An August survey of business supply managers suggested slow or no economic growth over the next several months in nine Midwest and Plains states, in part because of trade skirmishes, a report said Tuesday.
The Mid-America Business Conditions index dropped below growth neutral in August to hit 49.3, compared with 52.0 in July. The index had remained above growth neutral for 32 straight months, the report said.
“Weakness in the region’s farm and manufacturing sectors produced by tariffs and a global economic slowdown pulled regional growth below that of the nation,” said Creighton University economist Ernie Goss, who oversees the survey. “Based on our manufacturing survey over the past several months, I expect overall growth to slow and potentially move into negative territory in the months ahead.”
The survey results are compiled into a collection of indexes ranging from zero to 100. Survey organizers say any score above 50 suggests growth. A score below that suggests decline. The survey covers Arkansas, Iowa, Kansas, Minnesota, Missouri, Nebraska, North Dakota, Oklahoma and South Dakota.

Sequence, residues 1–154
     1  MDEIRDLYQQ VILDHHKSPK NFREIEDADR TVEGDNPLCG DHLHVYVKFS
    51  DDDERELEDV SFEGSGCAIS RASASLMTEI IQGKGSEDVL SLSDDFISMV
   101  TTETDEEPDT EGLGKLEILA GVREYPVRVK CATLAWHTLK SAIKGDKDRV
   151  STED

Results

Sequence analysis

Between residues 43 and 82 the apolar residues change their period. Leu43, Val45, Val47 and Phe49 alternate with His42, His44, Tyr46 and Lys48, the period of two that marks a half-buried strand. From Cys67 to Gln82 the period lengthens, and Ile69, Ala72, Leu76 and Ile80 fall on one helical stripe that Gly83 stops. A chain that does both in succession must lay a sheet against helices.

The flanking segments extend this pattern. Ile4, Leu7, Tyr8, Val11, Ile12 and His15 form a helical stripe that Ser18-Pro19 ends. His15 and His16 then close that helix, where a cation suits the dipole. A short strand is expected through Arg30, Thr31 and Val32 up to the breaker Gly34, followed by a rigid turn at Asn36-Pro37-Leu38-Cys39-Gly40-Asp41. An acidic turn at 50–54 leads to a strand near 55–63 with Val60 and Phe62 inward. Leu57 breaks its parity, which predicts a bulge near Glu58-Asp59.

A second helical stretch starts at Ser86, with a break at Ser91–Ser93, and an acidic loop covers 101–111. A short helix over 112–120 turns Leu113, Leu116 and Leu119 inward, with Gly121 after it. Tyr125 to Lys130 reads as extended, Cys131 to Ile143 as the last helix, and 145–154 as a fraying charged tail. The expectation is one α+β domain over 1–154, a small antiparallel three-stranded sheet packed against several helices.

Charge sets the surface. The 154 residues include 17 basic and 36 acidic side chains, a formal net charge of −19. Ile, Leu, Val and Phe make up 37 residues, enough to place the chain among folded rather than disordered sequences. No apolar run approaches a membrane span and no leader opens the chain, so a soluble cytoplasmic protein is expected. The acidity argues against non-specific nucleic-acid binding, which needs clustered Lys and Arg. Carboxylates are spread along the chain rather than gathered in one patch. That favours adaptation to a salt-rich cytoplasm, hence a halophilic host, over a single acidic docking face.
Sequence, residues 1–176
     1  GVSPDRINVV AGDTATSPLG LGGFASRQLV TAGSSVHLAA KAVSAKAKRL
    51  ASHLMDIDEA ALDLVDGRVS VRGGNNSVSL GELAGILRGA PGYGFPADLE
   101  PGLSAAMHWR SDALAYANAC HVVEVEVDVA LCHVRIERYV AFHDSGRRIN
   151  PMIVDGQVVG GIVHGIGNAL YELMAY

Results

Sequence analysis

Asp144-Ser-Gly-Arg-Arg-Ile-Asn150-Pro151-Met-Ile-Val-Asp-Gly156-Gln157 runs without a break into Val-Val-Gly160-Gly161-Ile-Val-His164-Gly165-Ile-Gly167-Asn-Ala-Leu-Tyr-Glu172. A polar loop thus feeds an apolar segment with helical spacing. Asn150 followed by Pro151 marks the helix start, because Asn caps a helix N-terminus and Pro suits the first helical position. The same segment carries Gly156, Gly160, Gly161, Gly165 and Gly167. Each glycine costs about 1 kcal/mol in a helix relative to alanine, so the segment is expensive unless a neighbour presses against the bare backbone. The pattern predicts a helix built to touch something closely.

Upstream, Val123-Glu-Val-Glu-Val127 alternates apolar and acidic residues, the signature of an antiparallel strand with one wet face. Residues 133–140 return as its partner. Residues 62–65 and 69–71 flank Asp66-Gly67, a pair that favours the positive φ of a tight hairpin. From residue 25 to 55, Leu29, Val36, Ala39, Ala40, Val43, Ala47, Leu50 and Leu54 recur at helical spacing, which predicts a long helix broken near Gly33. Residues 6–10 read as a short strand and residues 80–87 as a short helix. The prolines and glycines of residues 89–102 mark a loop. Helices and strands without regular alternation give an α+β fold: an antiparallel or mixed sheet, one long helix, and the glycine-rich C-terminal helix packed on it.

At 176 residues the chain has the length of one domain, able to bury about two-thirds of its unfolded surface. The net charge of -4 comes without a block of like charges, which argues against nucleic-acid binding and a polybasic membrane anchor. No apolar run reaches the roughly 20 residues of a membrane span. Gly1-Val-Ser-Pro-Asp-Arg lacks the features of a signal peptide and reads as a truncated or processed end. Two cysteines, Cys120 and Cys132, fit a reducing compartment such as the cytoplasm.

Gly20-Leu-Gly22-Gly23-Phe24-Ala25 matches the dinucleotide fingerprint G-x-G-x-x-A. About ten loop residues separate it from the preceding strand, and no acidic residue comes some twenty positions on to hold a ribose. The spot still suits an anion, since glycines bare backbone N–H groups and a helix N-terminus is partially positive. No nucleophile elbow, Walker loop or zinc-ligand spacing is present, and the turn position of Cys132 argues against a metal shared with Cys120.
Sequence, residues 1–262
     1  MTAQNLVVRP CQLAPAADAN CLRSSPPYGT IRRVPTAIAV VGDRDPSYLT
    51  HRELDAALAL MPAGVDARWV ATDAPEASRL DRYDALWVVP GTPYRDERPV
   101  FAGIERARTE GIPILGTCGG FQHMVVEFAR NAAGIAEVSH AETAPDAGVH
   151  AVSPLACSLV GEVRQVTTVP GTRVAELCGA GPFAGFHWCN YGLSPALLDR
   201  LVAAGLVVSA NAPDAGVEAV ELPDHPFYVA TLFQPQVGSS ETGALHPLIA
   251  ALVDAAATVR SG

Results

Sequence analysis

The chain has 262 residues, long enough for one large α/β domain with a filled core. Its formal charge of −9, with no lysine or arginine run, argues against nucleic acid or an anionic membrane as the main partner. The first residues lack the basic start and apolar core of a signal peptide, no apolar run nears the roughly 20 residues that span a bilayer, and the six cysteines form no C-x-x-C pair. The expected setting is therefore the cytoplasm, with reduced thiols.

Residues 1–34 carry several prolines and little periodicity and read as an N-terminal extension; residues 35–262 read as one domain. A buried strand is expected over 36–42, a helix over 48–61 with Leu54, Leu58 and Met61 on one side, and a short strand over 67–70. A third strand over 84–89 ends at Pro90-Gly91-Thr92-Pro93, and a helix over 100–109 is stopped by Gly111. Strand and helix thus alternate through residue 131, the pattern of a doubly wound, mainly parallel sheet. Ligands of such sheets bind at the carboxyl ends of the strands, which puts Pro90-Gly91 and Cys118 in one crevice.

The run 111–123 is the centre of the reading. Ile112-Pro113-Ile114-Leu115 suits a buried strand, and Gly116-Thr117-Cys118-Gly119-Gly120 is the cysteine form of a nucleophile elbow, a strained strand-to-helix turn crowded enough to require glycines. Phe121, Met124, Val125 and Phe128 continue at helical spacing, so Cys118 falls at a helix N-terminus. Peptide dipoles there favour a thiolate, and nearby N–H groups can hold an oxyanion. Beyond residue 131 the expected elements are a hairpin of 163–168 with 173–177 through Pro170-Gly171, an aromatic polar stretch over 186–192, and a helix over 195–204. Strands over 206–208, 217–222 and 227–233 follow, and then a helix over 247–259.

The August employment index plummeted to 45.1, its lowest level in 34 months, from 56.3 in July.
“For the last 12 months, Mid-America employment growth has been 0.7%, compared to a much higher 1.5% for the U.S.,” Goss said. “This month, as in July, approximately 40% of supply managers (who responded) reported that the shortage of qualified workers was the greatest economic challenge for their company for the next 12 months.”
The regional trade numbers were down again with both export orders and imports falling in the August survey. The index for new export orders sank to 39.6 from July’s 44.7, and the import index dropped to 42.3 from 43.8 in July.
Two-thirds of the supply managers who responded in August indicated that the trade war and tariffs were harming their companies.
The business confidence index plunged to 45.0 last month from 51.4 in July — a 35-month low.
“I expect business confidence to depend heavily on trade talks with China, the Federal Reserve’s interest rate actions in the weeks and months ahead, and recession signals from the nation’s financial markets,” Goss said.